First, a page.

TI has developed a simple open real-time Ethernet (SORTE) protocol that supports a 4µs cycle time. This protocol can transport the step and dir signals for a four-axis CNC machine; in addition, it transports the FB and diagnostic information in the return channel. With a 4µs cycle time, the control unit can drive the stepper-motor frequency up to 250kHz. Another benefit when using real-time Ethernet is that you can reduce the wiring effort as your solution goes from a star to a line topology. Overall, you are now combining the forward and backward channel in a single cable – see Figure 3.
Figure 3: CNC with industrial Ethernet
The process data (step, dir, FB) is protected by a cyclic redundancy check (CRC). This makes the system robust against environmental disturbances like electromagnetic interference (EMI).
The SORTE protocol operates on the programmable real-time unit and industrial communication subsystem (PRU-ICSS), which is an industrial peripheral within Sitara™ and KeyStone™ processors from Texas Instruments. SORTE operates exclusively on the PRU-ICSS; therefore, the ARM Cortex-A8, A9 or A15 processors – depending on the device family – are available for industrial applications.
The four-axis CNC machinery is a good example where a fast process data cycle time is necessary, and for which real-time Ethernet is a good application fit.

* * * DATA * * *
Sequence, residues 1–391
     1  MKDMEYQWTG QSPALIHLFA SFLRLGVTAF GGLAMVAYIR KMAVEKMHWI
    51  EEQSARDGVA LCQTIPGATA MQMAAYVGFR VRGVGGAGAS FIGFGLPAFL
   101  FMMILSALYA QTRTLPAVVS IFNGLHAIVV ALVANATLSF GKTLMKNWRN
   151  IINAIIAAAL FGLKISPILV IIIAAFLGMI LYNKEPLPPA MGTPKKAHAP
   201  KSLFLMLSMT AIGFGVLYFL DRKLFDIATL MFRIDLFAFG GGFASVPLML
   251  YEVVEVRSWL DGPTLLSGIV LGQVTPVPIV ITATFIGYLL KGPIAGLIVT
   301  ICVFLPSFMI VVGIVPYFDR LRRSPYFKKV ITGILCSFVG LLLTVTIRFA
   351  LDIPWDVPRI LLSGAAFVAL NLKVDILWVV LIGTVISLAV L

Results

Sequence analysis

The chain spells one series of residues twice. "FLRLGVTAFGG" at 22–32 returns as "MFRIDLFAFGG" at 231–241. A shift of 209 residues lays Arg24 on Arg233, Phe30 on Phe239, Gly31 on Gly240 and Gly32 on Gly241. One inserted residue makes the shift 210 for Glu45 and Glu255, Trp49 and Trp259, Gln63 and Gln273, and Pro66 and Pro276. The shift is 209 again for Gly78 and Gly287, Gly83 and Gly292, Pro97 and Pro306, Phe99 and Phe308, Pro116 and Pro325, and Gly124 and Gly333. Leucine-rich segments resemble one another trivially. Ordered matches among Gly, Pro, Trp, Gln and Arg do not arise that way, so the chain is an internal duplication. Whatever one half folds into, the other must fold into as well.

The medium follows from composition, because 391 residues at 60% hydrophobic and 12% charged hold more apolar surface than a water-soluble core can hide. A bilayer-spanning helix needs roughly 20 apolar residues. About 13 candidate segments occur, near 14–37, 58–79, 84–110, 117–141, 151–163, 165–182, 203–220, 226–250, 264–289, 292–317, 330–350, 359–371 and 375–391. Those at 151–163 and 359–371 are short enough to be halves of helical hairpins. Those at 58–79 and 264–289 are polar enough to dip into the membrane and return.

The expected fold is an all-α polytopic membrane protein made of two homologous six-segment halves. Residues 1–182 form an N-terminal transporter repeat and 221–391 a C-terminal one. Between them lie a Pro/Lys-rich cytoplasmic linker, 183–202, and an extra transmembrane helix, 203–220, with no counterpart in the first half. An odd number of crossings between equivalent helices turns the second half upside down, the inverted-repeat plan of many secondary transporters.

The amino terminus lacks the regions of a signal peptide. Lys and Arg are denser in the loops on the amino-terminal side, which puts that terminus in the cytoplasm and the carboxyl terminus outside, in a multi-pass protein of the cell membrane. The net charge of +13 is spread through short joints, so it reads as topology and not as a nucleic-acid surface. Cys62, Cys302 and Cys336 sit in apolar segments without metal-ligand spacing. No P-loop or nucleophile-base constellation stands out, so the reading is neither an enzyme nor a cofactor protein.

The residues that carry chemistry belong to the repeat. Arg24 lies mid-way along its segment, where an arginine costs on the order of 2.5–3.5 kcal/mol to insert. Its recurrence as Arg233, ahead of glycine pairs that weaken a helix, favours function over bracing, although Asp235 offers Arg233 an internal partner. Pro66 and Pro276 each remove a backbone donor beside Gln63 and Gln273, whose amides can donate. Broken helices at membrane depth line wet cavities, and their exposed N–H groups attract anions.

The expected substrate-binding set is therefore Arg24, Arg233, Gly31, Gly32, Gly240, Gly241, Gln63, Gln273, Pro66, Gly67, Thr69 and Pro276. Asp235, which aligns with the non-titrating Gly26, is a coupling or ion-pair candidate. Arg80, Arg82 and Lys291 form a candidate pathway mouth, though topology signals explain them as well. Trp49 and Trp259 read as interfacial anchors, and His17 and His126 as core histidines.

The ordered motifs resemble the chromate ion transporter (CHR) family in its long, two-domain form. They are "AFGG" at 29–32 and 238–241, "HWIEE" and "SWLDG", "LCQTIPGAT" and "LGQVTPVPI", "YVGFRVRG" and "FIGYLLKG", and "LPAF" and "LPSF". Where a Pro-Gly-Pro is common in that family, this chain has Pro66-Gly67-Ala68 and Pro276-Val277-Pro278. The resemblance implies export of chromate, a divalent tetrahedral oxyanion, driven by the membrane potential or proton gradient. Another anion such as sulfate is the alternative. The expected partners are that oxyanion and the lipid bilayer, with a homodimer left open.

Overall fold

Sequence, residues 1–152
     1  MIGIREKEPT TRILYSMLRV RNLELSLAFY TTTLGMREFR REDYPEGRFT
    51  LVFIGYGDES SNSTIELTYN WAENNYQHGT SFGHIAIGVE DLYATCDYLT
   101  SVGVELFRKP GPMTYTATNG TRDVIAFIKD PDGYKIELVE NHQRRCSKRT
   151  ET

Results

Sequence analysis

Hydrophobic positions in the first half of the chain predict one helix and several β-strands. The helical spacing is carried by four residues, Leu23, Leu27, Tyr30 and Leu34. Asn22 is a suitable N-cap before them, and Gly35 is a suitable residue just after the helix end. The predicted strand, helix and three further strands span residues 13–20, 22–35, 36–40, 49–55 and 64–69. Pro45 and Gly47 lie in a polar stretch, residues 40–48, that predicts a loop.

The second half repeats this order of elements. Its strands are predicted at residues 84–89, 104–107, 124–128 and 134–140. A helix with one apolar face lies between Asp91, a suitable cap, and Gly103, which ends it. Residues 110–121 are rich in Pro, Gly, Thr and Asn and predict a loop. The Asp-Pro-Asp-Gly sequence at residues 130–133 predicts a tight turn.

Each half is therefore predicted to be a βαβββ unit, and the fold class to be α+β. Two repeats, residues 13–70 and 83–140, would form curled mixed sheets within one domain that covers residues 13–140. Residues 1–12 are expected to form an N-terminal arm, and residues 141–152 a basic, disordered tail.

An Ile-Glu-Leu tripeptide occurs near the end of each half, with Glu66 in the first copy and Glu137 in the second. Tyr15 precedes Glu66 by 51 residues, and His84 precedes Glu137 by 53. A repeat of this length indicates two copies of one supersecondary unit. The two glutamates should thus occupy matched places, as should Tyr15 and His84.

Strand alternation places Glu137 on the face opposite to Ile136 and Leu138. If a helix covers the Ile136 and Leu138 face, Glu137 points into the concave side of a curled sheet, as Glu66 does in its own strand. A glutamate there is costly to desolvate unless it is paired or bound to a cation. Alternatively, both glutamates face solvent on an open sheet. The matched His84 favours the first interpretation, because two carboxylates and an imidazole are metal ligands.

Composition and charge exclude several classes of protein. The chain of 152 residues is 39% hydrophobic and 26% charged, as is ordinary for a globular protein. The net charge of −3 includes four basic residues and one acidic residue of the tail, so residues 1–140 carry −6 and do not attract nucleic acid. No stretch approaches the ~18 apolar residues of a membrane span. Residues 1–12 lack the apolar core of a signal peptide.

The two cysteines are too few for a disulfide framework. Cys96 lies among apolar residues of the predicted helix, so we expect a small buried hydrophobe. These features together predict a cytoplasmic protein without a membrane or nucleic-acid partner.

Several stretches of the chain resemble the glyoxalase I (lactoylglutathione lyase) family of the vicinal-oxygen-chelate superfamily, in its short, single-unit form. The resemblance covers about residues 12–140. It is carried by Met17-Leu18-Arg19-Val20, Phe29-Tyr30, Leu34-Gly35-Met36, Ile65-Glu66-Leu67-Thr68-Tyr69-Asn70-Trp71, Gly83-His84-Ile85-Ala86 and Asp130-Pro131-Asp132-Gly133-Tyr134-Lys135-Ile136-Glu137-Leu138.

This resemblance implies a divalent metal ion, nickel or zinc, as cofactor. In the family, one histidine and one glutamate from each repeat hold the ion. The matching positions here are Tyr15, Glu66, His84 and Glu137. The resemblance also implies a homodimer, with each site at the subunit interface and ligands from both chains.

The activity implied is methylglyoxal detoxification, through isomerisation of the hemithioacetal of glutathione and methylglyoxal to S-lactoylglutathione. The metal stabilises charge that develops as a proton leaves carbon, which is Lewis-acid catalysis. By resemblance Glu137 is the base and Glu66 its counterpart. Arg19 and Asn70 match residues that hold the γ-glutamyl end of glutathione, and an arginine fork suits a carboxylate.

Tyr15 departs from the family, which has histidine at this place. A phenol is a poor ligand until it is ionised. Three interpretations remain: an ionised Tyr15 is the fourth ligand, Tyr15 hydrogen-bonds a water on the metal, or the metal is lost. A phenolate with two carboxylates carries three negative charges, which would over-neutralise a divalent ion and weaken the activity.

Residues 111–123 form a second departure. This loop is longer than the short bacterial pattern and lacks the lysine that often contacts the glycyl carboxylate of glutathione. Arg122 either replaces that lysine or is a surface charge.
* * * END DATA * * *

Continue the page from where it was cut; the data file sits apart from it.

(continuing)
We are demonstrating the CNC machine with the four-axis stepper driver using the SORTE protocol and 4µs cycle time at the upcoming SPS/IPC/Drive 2016 trade show. The trade show takes place in Nuremberg, Germany, Nov. 22-24. TI’s booth is in Hall 6, booth No. 441. You can get your free entry ticket here. I look forward to meeting you there.
4µs cycle time enables 250kHz control loop on CNC router demonstration panel - shown at SPS/IPC/Drive trade show
4-Axis CNC Router with 250 kHz Control Loop with PRU-ICSS based on SORTE Reference Design Board Image
View available purchase options for designs kits, evaluation modules and/or the bill of materials.
- 4-Axis CNC Router with 250 kHz Control Loop with PRU-ICSS based on SORTE Reference Design
- Simple Open Real-time Ethernet (SORTE) Device with PRU-ICSS Reference Design
There is an unasked question: why not control the loops locally, and just update parameters from the central controller at a much slower rate? One reason for controlling centrally is that it drastically simplifies code maintenance. It's nice when code that may have to be updated is only in one place. Another is that the sensors might not be local to the actuators, or may require electrical isolation from the actuator controller.
I'm not thrilled about the daisy-chain architecture. I understand about reducing cabling, etc., but it significantly increases the complexity of the slave devices compared to the star topology. I'd prefer to have a bunch of PHYs at the master end, and only one PHY per slave. Still there probably isn't anything intrinsic to the SORTE spec that forbids a star topology, right? It's just a bunch of SORTE links with one master and one slave.
I think SORTE fills a useful niche, and look forward to its development. I wonder if a dual-core Delfino could keep up with SORTE -- one of the cores to handle the protocol and the other to do the sensing/actuating.